In both groups (CB and COPD), a significant accumulation of the saturated FAs (14:0, 15:0, 18:0) was established. The amount of the arachidonic acid (20:4n-6) was increased by 13% (р < 0.05) in CB patients and by 41% (р < 0.001) in COPD patients, as compared with healthy persons. The elevated level of the PUFA n-6 in the erythrocytes membranes in patients with chronic respiratory diseases confirms that proinflammatory (leukotriene B4) and bronchospasm (prostaglandin D2) mediator substrates is increased. The level of the eicosapentaenoic acid (20:5n-3) was decreased by 32% (р < 0.05) in CB patients and 2-fold (р < 0.001) in COPD patients. The observed increase in the 20:4n-6/20:5n-3 ratio - 1.5-fold (р < 0.001) in CB patients and 3-fold in COPD patients - can be a specific marker of the adverse course of the respiratory pathology and the chronic inflammatory development.

Conclusions

Chronic respiratory disease development is associated with the disturbance of the fatty acid composition in erythrocyte membranes and disbalance of the ratio between precursor of pro- and antiinflammatory eicosanoids.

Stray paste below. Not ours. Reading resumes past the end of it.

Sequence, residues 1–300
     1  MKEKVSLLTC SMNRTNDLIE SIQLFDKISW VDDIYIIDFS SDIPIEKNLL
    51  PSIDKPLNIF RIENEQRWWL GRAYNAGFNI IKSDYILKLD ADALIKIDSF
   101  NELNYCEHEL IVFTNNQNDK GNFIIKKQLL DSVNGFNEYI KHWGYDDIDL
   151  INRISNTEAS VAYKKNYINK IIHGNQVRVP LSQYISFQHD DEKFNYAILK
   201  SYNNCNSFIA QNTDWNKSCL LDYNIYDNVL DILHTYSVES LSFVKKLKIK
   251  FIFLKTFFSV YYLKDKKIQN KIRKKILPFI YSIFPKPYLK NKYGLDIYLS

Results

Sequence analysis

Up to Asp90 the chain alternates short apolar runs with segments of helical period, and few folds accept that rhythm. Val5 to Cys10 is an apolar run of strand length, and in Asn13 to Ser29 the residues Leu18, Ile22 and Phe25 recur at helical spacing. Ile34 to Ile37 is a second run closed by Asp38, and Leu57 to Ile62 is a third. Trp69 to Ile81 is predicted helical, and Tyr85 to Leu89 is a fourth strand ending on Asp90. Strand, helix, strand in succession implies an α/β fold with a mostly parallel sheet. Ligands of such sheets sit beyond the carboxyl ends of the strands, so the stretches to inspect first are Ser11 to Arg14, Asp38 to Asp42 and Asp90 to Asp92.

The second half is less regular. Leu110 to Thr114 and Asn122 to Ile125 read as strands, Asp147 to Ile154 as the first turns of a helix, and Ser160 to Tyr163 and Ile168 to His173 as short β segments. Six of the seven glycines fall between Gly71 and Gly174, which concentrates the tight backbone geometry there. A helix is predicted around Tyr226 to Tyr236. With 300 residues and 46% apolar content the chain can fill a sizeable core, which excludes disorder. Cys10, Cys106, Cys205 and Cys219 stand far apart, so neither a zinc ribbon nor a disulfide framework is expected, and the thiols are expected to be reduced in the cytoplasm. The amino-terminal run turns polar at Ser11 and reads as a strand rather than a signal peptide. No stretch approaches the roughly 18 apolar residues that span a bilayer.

Keywords:
Chronic respiratory diseases; Fatty acids; Red blood cell membrane

Background

Diseases of the respiratory system are among the most common diseases and so present a significant medical and social problem as the fourth leading cause of mortality [1,2]. Among chronic respiratory diseases, much attention is paid to chronic obstructive pulmonary disease (COPD) and chronic bronchitis (CB) [3-5]. From 4% to 15% of total adult population suffer from COPD. The frequency of chronic bronchitis in different countries varies in a wide range from 10% to 47% on an average [1]. The views of the researchers on the relationship of CB and COPD have been gradually changing with better understanding of the pathogenesis of these diseases but still they remain obscure. Earlier, the symptoms and morphological changes characteristic of chronic bronchitis were considered as stage 0 or a developing increased risk of COPD [6]. Later, chronic bronchitis was considered as an independent disease which causes no lung function decline [7]. In recent years, the researchers have become convinced that chronic bronchitis may precede the development of COPD [4]. Patients with COPD usually ask for medical help only in the late stages of the disease, when medical treatment cannot prevent the progression of the disease and the development of complications. According to this problem, the possibly early preclinical diagnosis of COPD is urgent [1,2].